# Indefinite Integral Homework

The integral of [sin^3*(13x)*cos^8*(13x)]dx

I think u=sin^3
so du/dx=cos^3
du=cos^3dx

but then I am really not sure if that is correct, the trig functions confuse me a bit. Please help me, thank you!

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I don't think that you can simply use a u-substitution here, this appears to be a Trigonometric Integral to me, which has its own special rules.

Since this is in the form of $Sin^n(u)Cos^m(u)$ where m and n are both integers. Where does your book tell you to start?

Hint: focus on m and n, what does that tell you?

Dick
Homework Helper
The chain rule also seems to be confusing you. If u=sin^3(x) then du=3*sin^2(x)*cos(x), NOT cos^3(x). Please review that before even attempting this problem. And the fact that sin^2(x)=1-cos^2(x) may help you a lot. If you play your cards right, it's a pretty simple integral using u substitution.

Dick
Homework Helper
I don't think that you can simply use a u-substitution here, this appears to be a Trigonometric Integral to me, which has its own special rules.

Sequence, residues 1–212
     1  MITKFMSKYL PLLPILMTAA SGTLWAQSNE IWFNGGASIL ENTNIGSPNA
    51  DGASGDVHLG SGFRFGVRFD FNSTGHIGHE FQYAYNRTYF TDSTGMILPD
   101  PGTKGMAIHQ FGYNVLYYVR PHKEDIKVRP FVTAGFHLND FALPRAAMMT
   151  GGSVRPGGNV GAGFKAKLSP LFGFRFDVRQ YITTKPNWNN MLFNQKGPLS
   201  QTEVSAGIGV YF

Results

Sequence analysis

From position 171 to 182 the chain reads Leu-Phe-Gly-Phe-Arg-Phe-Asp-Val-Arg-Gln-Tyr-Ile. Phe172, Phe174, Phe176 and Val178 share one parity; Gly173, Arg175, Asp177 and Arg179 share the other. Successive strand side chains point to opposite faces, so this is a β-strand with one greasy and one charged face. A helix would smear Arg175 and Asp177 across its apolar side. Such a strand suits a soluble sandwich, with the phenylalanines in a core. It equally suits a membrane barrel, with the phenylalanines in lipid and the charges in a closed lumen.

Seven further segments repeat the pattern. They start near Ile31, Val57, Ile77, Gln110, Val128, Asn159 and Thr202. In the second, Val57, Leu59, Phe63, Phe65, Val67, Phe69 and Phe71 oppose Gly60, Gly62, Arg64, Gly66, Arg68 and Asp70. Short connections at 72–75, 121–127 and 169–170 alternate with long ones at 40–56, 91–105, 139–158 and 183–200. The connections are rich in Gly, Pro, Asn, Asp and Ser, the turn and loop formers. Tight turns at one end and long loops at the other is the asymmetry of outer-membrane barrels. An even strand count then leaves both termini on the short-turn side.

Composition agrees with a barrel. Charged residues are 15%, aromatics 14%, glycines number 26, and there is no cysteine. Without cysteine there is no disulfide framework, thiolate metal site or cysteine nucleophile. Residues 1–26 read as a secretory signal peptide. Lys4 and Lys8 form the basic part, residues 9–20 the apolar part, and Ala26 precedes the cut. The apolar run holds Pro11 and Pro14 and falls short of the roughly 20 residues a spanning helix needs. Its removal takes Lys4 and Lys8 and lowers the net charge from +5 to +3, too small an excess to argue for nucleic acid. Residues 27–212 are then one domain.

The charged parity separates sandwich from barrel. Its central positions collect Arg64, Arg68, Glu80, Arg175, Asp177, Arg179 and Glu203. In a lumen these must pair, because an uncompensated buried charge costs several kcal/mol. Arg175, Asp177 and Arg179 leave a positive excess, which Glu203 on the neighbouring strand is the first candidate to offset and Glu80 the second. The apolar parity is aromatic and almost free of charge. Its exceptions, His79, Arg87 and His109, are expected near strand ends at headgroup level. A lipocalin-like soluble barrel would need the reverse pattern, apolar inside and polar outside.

Since this is in the form of $Sin^n(u)Cos^m(u)$ where m and n are both integers. Where does your book tell you to start?

Hint: focus on m and n, what does that tell you?
Why do you say trigonometric integrals have special rules? AFAIK they have the same rules as other integrals. What's special?

I guess I phrased that poorly, I simply meant that the integral was in a specific form which can be dealt with easily when you look at the powers of Sin and Cos. In this case he would want to break up $Sin^3(13x)$ using $Sin^2(x) + Cos^2(x) = 1$ because the power of the sine function is odd.

Dick
Homework Helper
I guess I phrased that poorly, I simply meant that the integral was in a specific form which can be dealt with easily when you look at the powers of Sin and Cos. In this case he would want to break up $Sin^3(13x)$ using $Sin^2(x) + Cos^2(x) = 1$ because the power of the sine function is odd.
Right. Sorry, I just jumped on you when you said you can't use a u substitution. Because the answer IS a u substitution. Together with a specific trig rule.

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Hint:

You need to reduce the power of the sin from $$\sin{^3 (13x)}$$ into $$\sin{13x}$$

HallsofIvy
Homework Helper
In general if you have an odd power of a sine or cosine you can factor one of them out to use with the dx, then reduce the remaining even power by sin2x= 1- cos2 x or cos2x= 1- sin2x.

Here you have [sin3(13x) cos8(13x)]dx which has sine to an odd power. Write it as [sin2(13x) cos8(13x)] sin(x)dx= (1- cos2(13x))cos8(13x)] sin(13x) dx and let u= sin(13x). Be careful with the "13x".

I tried that formula and got it incorrect...

Dick
Homework Helper
I tried that formula and got it incorrect...
That's not very helpful. How are we supposed to know how you got it wrong?